One of the primary motivations for not wanting to declare variables was laziness, and Raku did introduce several features that allow to you avoid some declarations:

  • Parameters in signatures are an implicit declaration, The RFC’s example sub squre could be written in Raku simply as sub square($x) { $x * $x }. No explicit declaration necessary.
  • Self-declaring formal parameters with the ^ twigil also imply a declaration, for example sub square { $^x * $^x }.
  • There are many functional features in Raku that you can use to avoid explicit variables altogether, like meta operators, Whatever star currying etc.

I am glad Raku requires variable declarations by default, and haven’t seen any code in the wild that explicitly states no strict;. And without declarations, where would you even put the type constraint?

RFC 5, by Michael J. Mathews: Multiline comments

This is the first RFC proposed related to documentation. It asks for a common feature in most of the modern programming languages: multiline comments.

The problem of not having multi-line comments is quite obvious: if you need to comment a large chunk of code, you need to manually insert a # symbol at the beginning of every line (in Raku). This can be incredibly tedious if you do not have, for instance, a text editor to do this with a shortcut or similar. This practice is very common in large code bases. For that reason, Michael refers to C++ and Java as

popular languages that were designed from the outset as being useful for large projects, implementing both single line and multiline comments

In those languages you can type comments as follows:

// single line of code

 Several lines of code

But, in addition, in Java you have a special multiline comment syntax 1 for writing documentation:

* Here you can write the doc!

A lot of people proposed POD as a solution to this problem, but Michael lists some inconvenients:

  • “it’s not intuitive”: given that POD is only used by Perl, people coming from different languages will face some struggles learning an entire new syntax.

From my point of view, this not as big a problem since POD6 syntax is quite simple and it’s well documented. In addition, it is quite intuitive for newcomers: if you want a header, you use =head1, if you want italics, you use I<> and so on.

  • “it’s not documentation”: this one is still true. The main problem is that when you want to comment a big chunk of code, that’s probably not documentation, so using =begin pod ... =end pod it’s a little weird.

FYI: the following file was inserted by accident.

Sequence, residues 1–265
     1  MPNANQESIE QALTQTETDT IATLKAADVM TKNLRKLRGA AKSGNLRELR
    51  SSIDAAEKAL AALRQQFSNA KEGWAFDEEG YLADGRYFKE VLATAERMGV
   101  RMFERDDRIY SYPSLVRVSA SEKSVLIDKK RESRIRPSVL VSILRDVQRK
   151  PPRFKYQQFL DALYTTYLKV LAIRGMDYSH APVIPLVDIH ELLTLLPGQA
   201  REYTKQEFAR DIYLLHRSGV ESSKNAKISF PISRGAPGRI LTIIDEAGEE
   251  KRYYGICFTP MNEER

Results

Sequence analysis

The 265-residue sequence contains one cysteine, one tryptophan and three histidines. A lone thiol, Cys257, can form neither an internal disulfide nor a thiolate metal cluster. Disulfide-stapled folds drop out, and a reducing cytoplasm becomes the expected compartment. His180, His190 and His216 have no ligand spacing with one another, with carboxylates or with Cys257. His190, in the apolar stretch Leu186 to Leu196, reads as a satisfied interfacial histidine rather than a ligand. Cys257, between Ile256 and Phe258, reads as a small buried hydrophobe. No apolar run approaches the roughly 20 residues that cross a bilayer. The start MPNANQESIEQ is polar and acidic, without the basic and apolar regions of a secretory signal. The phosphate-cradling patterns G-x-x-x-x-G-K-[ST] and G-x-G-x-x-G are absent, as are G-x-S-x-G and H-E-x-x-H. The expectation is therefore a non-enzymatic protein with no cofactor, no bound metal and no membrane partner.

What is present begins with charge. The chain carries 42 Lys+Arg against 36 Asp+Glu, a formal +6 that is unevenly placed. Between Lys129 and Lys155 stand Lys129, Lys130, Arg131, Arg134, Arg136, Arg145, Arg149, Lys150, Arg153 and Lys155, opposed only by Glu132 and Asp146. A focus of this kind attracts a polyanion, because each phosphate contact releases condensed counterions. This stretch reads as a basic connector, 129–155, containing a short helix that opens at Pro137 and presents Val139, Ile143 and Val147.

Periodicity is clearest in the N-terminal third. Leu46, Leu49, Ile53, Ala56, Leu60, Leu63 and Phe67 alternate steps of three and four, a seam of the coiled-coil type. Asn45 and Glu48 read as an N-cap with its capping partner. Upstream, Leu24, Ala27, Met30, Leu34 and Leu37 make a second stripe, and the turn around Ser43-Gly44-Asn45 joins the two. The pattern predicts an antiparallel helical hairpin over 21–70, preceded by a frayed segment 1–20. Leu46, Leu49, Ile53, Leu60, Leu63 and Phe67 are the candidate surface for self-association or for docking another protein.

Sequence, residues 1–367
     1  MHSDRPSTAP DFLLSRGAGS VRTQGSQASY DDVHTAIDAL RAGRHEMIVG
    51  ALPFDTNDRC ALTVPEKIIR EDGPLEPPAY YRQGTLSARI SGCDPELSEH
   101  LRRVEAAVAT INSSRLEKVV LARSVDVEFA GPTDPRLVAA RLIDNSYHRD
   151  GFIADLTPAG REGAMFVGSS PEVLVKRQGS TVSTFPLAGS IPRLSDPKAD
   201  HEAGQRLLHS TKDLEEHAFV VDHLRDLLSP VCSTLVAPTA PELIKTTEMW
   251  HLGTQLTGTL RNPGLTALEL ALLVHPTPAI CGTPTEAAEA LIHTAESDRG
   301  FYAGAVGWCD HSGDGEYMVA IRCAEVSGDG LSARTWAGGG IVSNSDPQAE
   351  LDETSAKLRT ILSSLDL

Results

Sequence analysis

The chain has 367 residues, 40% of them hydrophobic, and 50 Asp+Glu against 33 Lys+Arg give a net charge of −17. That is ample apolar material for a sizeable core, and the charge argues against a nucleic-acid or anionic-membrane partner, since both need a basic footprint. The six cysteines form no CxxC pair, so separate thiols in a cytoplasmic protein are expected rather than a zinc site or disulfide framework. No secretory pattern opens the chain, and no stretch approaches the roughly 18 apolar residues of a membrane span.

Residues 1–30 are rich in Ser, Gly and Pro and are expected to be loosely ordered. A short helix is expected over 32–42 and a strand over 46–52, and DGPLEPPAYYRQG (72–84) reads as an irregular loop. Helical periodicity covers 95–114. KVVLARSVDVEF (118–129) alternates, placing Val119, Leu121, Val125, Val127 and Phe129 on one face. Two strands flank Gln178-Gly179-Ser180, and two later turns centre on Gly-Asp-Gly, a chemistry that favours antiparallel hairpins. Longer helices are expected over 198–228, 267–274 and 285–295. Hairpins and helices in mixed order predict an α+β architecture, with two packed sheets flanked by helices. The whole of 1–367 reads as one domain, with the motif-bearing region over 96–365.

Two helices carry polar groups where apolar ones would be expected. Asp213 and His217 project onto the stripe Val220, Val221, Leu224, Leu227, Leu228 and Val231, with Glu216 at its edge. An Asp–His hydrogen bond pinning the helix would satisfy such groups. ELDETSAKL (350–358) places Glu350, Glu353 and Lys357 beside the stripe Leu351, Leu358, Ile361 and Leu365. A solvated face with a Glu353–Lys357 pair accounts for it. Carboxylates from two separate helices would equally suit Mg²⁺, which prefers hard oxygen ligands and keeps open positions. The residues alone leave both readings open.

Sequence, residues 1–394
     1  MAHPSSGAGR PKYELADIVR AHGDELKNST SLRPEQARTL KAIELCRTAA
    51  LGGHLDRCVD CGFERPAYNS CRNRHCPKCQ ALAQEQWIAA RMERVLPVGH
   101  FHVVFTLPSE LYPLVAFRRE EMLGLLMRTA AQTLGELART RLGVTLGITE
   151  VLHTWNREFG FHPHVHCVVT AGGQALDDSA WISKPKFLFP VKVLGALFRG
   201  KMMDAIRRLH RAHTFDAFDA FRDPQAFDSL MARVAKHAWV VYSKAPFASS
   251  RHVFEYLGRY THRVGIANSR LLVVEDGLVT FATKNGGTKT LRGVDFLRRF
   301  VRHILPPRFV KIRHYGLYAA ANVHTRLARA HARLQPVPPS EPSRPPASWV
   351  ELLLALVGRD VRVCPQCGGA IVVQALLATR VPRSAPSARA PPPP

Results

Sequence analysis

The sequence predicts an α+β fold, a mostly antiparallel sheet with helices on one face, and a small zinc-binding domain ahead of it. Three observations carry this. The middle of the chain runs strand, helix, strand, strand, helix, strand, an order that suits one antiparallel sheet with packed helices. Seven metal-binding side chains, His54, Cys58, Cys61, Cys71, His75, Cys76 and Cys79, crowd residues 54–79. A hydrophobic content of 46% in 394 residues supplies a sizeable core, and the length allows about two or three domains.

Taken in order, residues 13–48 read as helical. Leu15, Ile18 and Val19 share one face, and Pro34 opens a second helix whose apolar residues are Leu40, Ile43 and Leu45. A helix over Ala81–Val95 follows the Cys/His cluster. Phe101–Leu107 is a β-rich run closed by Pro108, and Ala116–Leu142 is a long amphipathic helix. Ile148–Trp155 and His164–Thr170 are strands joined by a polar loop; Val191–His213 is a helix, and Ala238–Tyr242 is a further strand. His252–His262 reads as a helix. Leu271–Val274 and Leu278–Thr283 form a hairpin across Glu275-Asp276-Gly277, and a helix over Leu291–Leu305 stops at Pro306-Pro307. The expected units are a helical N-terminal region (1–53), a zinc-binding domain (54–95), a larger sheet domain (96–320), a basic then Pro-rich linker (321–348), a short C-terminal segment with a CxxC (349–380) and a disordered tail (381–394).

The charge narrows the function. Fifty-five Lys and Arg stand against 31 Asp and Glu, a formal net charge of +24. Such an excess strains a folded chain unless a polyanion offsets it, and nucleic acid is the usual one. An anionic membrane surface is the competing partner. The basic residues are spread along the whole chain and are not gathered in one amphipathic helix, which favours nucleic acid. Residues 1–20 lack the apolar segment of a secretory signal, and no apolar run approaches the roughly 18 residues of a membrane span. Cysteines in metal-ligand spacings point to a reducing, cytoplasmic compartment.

• “it doesn’t encourage consistency”: another problem of POD is that you can use arbitrary terms in its syntax:

    While this behavior gives us a lot freedom, it also complicates consistency across different projects and users.

After some discussion, Perl chose POD for implementing multiline comments. Nonetheless, Michael proposal was taken into account and Raku supports multiline comments similar to those of C++ and Java, but with a slightly different syntax:

Raku is a large-project-friendly
language too!
say ":D";

And as a curiosity, Raku has embedded comments, that is:

if #`( embedded comment ) True {
    say "Raku is awesome";

In the end, as a modern, 100-year language, Raku gives you more than one way to do it, so choose whatever fits you best!

  1. It’s not really a multiline comment because you also need to type the * symbol at the beginning of every line.

RFC 225: Superpositions (aka Junctions)

Damian Conway is one of those names in the Perl and Raku world that almost doesn’t need explaining. He is one of the most prolific contributors to CPAN and was foundational in the design of Raku (then Perl 6). One of his more interesting proposals came in RFC225 on Superpositions, which suggested making his Perl Quantum::Superposition‘s features available in the core of the language.

What is a Superposition?¹

In the quantum world, there are measurable things that can exist in multiple states — simultaneously — until the point in time in which we measure them. For computer scientists, perhaps the most salient application of this is in qubits which, as a core element of quantum computing, threaten to destroy encryption as we know it, if quantum supremacy is borne out.

At the end of the day, though, for us it means being able to treat multiple values as if they were a single value so long as never actually need there to only be one, at which point we get a single state from them.

The Perl Implementation

In the original implementation, Dr. Conway adds two new operators, all and any. These converted a list of values into a single scalar value. How was this different from using a list or array? Consider the following Perl/Raku code:

my @foo = (0, 1, 2, 3, 4, 5);

We can easily access each of the values by using array notation:

print @names[0]; # 0
print @names[1]; # 1
print @names[2]; # 2

But what if we wanted to do stuff to this list of numbers? That’s a bit trickier. Functional programmers would probably say “But you have map!”. That’s true, of course. If I wanted to double everything, I could say

@foo = map { $_ * 2}  @foo; # Perl
@foo = map { $_ * 2}, @foo; # Raku

But it could also be nice if I could just say

@foo *= 2;

This is where the superposition can be helpful. Now imagine we have another array and wanted to add it to our now doubled set of values in @foo

my @bar = (0,20,40,60,80,100);
@foobar = @foo + @bar;          # (12); wait what?  Recall that arrays in numeric context are the number of elements, or 6 here.